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Department of Labor Releases Timesheet Smartphone “App” for Employees

On May 9, the Wage and Hour Division (WHD) of the U.S. Department of Labor (DOL) launched its first application (or "app") for smartphone platforms. The app (dubbed "DOL-Timesheet App") is an electronic timesheet that allows employees to independently track the hours they work and determine the wages they believe they are owed.

The development and launch of the DOL-Timesheet App signals a continued and aggressive commitment by the WHD to enforce wage and hour laws across the country—but it also reflects a not-so-subtle shift in the WHD's tactics. Aware that it has limited capacity for investigation and enforcement (especially in these times of budget cuts), the WHD is pushing measures, such as the DOL-Timesheet App, that essentially "deputize" employees, giving them the power and the know-how to determine whether their employers are complying with applicable wage and hour laws. In light of these measures, it is critical that employers take steps to ensure compliance with federal and state wage and hour laws and ensure the accuracy of their timekeeping systems.

The DOL-Timesheet app appears to be in line with the so-called "Right to Know" regulatory initiative the DOL unveiled in December 2010. Moreover, according to the DOL's regulatory agenda, the DOL is considering a proposed rule that would require covered employers to notify workers of their rights under the Fair Labor Standards Act (FLSA), and to provide information regarding hours worked and wage computation.

The DOL-Timesheet App undoubtedly will add fuel to the wage and hour litigation fire sweeping across the country. Employers should not expect that this fire will die down in the near future.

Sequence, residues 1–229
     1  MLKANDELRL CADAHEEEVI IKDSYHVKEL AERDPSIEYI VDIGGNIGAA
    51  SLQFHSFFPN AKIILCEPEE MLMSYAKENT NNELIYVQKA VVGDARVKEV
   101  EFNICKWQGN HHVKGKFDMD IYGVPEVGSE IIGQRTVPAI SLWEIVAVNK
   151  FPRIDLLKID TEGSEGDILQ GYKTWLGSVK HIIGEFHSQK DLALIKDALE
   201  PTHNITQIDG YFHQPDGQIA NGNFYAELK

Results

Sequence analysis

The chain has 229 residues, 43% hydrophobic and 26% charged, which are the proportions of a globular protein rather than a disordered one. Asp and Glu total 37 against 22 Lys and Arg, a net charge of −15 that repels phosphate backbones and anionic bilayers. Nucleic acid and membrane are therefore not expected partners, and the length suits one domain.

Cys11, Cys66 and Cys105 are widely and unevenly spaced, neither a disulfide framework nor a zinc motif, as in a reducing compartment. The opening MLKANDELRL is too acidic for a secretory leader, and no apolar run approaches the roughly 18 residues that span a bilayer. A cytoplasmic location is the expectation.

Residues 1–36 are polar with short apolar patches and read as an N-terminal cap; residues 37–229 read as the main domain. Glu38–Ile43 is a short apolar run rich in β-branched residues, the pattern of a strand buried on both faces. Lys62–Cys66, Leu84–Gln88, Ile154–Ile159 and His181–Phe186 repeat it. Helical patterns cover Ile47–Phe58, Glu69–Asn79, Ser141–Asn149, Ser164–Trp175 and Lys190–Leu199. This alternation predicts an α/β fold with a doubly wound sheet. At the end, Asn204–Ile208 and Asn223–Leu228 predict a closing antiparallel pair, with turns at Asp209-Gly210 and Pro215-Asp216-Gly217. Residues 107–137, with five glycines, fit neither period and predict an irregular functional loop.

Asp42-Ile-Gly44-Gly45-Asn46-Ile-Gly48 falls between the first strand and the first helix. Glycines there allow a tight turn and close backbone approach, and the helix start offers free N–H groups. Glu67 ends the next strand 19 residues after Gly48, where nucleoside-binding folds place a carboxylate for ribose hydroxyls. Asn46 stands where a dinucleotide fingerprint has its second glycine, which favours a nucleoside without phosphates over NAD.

About the Application

The application is a fairly simple time-tracking tool—with potentially dangerous consequences for employers that do not have reliable and accurate time-recording systems in place.

A user first enters his or her employment information, including the employer's name, the employee's hourly rate, and the day of the week on which the employee's workweek begins. That information is saved, and moving forward the employee need only tap on that employer's name to get to two prompts: "Start Work" or "Manual Time Entry."

The "Start Work" function works like a stopwatch, and records the exact time that the icon is selected. Users will see the name of the employer and time information (e.g., "XYZ Corp., Started work on 5/12/11 9:36 am"). Tapping the employer's name again allows the user to either "Stop Work," presumably to signal the end of the workday, or "Start Break," to record any break periods during the workday.

If "Start Break" is chosen, the user can select either "Meal" or "Other" as the type of break, and can add comments regarding that break. The timesheet will then show that information (e.g., "Break started at 9:44 am"). Users who are unfamiliar with rules relating to the compensability of break time under federal law can view a summary of the federal regulations on this topic.

Once "Stop Work" is selected, the DOL-Timesheet App gives the user a summary of his or her workday, which the user can email to anyone he or she chooses. The summary calculates gross pay for the week, based on the employee's regular rate, and the app can calculate the number of overtime hours and wages due as a result.

The "Manual Time Entry" feature is similar in content, but simply allows the user to input historical data on start and stop times and breaks for any given date.